Click here to listen to the latest rail news on Wednesday, 5th May 2021
The latest rail news on Wednesday, 5th May 2021
The type of ScotRail train involved in the fatal Stonehaven derailment should be withdrawn from service because of their lack of crashworthiness a rail engineer has urged.
That is according to an article in The Scotsman that says Gareth Dennis said the “High Speed Trains”, which are based on A 50-year-old design, should no longer operate because of the lack of protection they offered in a crash compared to more modern trains, including for drivers.
The paper says an interim report by the Rail Accident Investigation Branch into the tragedy near Stonehaven said its main areas of investigation included the “crashworthiness of rail vehicles in high energy accidents”.
Mr Dennis told the paper he hoped Transport Scotland would now plan for an earlier replacement of the HSTs than the current 2030 target date.
Network Rail has completed essential upgrades to the railway between Euston, the Midlands, North West and Scotland over the early May bank holiday.
Between Saturday 1 and Monday 3 May, teams carried out vital work on the railway to improve passenger and freight services on the West Coast main line – the Backbone of Britain.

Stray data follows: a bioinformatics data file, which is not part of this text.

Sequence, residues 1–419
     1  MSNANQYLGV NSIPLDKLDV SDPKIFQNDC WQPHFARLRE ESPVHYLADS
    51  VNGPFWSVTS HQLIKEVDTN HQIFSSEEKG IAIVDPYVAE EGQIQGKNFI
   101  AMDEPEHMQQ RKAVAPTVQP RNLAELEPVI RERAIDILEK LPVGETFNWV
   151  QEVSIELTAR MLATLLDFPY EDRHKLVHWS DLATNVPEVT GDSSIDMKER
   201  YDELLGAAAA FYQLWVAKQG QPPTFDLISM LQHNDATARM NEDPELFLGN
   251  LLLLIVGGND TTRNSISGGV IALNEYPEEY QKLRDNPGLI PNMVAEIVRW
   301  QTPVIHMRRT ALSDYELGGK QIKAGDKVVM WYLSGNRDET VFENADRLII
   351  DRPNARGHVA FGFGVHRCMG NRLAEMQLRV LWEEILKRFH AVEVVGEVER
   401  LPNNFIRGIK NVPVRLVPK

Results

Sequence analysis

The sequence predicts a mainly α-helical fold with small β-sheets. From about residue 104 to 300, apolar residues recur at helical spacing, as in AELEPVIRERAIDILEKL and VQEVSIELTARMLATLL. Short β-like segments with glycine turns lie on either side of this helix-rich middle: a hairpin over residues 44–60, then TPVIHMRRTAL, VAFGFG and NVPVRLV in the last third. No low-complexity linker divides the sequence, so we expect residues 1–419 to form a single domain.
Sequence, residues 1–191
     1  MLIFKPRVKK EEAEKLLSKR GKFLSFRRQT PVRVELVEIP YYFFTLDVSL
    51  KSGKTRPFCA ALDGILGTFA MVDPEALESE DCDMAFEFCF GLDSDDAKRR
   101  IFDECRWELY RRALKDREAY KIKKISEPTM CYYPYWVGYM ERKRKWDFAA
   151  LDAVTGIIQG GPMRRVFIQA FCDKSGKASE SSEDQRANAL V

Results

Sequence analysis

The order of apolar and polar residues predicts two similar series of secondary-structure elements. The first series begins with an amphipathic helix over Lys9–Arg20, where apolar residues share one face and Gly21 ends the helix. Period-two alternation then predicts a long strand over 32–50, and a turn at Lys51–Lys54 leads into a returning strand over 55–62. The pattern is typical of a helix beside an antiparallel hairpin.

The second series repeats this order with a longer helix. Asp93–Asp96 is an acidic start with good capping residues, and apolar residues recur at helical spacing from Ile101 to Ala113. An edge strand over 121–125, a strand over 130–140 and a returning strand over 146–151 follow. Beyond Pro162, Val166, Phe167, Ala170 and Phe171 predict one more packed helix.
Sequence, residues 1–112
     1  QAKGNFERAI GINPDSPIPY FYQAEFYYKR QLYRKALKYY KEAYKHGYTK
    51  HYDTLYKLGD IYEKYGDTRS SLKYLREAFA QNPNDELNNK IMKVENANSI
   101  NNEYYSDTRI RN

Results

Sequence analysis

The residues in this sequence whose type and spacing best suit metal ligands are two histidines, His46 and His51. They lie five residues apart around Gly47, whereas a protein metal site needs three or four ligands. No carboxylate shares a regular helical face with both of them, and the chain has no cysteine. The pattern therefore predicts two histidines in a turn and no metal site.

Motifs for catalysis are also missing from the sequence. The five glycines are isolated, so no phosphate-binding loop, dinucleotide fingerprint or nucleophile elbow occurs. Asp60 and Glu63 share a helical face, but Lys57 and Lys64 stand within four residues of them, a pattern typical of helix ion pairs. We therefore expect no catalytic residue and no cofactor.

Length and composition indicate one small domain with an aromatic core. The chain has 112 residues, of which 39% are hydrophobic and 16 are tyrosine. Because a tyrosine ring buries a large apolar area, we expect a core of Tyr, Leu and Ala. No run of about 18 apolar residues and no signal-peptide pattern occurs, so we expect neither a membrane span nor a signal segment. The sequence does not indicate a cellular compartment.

Work to recover a derailed engineering train and repair damage to the track and signalling equipment continued overnight, with services expected to resume this afternoon.
Network Rail workers have been on site since the early hours of Tuesday morning, when an engineering train derailed at Church Fenton, causing disruption between Leeds and York.
The line between Church Fenton and Micklefield closed so essential investigations could take place safely, meaning trains have been cancelled, delayed, or diverted throughout the day, with bus replacement services in operation for some routes.
Finally, and archaeologists working to prepare the UK for HS2 have begun unlocking almost 900 years of history at St Mary’s Church in Stoke Mandeville, Buckinghamshire.
The Old St Mary’s Church was built in 1080AD, shortly after the Norman conquest that transformed Saxon England. Renovated in the 13th, 14th and 17th centuries, it played a central role in the community, furnished with a variety of extensions and the construction of a brick bell tower.
The site sits on the line of the new HS2 route and is being carefully removed by a team from LP-Archaeology, working with HS2’s enabling works contractor, Fusion-JV.
Photo credit: Network Rail